Moving the graph to the right -- What do you think?

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In summary, the conversation discusses the concept of moving graphs in calculus and the role of equations in relating them. The idea of translating a function with a vector is explained, as well as an example of a traveling wave disturbance on a string. The concept of a composite function is also mentioned in relation to translating graphs. The conversation highlights the importance of understanding these concepts in order to have a deeper understanding of calculus.
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I'm studying calculus alone with textbooks. The part about moving the graphs to the right or to the left struck me because they just have a list of rules, properties and make you relate the graph with the corresponding equation. I know what is the rate of change and I thought I could do better than the textbook.

I vectorized this to explain why: f(x - n) moves the parabola to the right.

func_sideways.png

Not satisfied I though. f(x - 2) does remind me of the concept of a composite function. Can I draw something to explain this and relate it to the rate of change?

translation2.png
 
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With a graph described with an equation ##f(x,y)=0## given, another graph
[tex]f(x-a,y-b)=0[/tex]
is a translation of that graph with vector (a,b) on x-y plane. For an example say (0,0) is on the original graph, it is translated to (a,b) on the new one.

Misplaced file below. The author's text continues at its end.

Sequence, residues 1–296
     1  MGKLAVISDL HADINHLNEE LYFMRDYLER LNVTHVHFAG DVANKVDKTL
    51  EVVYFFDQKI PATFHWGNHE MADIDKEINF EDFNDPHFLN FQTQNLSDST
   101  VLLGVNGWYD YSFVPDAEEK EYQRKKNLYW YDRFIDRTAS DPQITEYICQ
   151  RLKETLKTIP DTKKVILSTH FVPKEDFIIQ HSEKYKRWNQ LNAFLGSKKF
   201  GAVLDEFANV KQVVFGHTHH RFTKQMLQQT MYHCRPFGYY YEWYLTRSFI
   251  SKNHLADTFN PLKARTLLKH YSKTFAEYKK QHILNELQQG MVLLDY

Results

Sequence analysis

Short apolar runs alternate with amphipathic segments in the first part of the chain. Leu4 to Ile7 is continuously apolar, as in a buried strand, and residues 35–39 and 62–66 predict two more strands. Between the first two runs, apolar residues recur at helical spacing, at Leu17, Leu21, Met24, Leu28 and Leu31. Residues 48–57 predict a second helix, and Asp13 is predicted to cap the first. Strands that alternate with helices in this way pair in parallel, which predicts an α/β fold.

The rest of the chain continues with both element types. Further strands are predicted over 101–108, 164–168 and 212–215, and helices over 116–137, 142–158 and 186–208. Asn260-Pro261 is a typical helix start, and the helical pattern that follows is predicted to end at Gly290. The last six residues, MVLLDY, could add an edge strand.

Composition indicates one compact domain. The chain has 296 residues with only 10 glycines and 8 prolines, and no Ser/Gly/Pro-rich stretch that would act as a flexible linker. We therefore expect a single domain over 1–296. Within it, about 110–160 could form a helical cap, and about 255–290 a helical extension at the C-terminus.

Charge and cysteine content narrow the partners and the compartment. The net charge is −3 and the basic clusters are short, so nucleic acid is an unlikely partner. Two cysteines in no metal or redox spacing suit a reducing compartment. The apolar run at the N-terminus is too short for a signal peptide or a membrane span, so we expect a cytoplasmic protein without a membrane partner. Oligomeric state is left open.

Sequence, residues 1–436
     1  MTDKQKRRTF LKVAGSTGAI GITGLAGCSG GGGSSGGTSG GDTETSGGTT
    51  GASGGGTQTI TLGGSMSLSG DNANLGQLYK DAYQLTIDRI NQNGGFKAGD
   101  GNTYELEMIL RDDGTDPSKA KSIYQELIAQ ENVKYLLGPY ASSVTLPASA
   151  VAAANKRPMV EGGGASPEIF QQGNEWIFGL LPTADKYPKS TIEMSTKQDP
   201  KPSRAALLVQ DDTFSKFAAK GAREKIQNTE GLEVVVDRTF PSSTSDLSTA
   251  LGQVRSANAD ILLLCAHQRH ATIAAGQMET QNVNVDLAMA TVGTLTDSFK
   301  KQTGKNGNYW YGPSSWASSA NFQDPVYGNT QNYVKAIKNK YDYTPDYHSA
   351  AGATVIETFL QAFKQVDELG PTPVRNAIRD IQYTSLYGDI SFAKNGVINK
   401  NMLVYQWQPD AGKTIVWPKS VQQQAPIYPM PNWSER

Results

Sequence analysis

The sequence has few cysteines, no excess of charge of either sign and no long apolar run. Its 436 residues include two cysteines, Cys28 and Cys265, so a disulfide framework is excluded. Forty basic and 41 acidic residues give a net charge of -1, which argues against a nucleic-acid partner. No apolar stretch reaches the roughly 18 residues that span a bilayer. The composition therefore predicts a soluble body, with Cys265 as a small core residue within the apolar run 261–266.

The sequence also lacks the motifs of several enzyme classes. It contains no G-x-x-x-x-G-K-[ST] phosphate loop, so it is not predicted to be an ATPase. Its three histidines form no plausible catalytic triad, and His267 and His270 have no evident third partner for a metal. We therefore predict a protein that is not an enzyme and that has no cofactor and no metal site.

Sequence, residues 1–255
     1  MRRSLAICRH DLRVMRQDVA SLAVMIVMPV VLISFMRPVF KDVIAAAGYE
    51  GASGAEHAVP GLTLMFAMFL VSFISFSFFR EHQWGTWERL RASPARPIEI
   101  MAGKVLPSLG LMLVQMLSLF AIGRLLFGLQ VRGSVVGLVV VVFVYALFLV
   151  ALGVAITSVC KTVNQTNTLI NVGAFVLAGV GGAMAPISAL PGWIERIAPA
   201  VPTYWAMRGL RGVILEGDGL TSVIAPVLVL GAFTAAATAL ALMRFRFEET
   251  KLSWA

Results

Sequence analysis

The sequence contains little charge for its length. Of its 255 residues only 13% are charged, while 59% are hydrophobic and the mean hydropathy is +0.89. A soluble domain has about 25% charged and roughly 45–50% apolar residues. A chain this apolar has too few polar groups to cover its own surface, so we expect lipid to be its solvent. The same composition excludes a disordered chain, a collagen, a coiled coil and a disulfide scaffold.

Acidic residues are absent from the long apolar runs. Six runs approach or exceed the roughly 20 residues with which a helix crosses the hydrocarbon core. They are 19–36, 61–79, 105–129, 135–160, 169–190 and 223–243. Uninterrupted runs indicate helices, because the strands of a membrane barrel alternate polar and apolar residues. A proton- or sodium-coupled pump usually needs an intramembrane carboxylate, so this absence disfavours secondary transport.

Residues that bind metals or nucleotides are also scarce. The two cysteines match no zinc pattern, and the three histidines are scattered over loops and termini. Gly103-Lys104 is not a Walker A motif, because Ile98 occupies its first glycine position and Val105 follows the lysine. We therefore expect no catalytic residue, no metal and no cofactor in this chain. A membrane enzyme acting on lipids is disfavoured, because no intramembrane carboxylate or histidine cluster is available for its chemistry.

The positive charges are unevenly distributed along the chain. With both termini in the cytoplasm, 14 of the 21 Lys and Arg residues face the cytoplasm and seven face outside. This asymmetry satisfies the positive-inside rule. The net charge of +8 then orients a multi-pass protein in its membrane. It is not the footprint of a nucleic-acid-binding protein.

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0kelvin said:
I'm studying calculus alone with textbooks. The part about moving the graphs to the right or to the left struck me because they just have a list of rules, properties and make you relate the graph with the corresponding equation. I know what is the rate of change and I thought I could do better than the textbook.
Take a function that is zero everywhere except the origin:$$f(x)=\begin{cases} 1 & x = 0 \\ 0 & x \ne 0 \end{cases}$$Now define ##g(x) = f(x -2)##. Note that ##g(2) = f(0) = 1##, hence:$$g(x)=\begin{cases} 1 & x = 2 \\ 0 & x \ne 2 \end{cases}$$And we see that ##g(x)## is ##f(x)## moved to the right.
 
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Here's a related example from physics: a traveling wave disturbance on a string.

Suppose a disturbance has a profile F(x) along a string.
[In physicist's notation...]
F(x-vt) describes that disturbance translating (traveling without distortion) to the right with constant velocity v.

At t=0, consider the disturbance at the string location x=1: F(1).
After a time t, F(1)=F(x-vt) where 1=x-vt.
Since t increases, x must increase to keep x-vt=1. (Indeed, x=vt+1.)
...and similarly for other locations.
Thus, the disturbance moves to the right.

See https://www.desmos.com/calculator/bjt6dleg5h
from
https://www.physicsforums.com/threa...mean-in-the-wave-equation.836348/post-5254546
 

1. How does moving the graph to the right affect the data?

Moving the graph to the right shifts all the data points to the right, meaning that the x-values will increase while the y-values remain the same. This results in a horizontal translation of the graph.

2. Why would you want to move the graph to the right?

Moving the graph to the right can be useful for displaying data that has a larger range of values on the x-axis. It can also help to highlight specific data points or trends in the data.

3. Does moving the graph to the right change the shape of the graph?

No, moving the graph to the right only changes the position of the data points. The shape of the graph remains the same.

4. How do you move the graph to the right?

To move the graph to the right, you can add a constant value to all the x-values in the data set. This will shift the graph to the right by that amount.

5. Can moving the graph to the right affect the accuracy of the data?

No, moving the graph to the right does not affect the accuracy of the data. It only changes the position of the data points on the graph.

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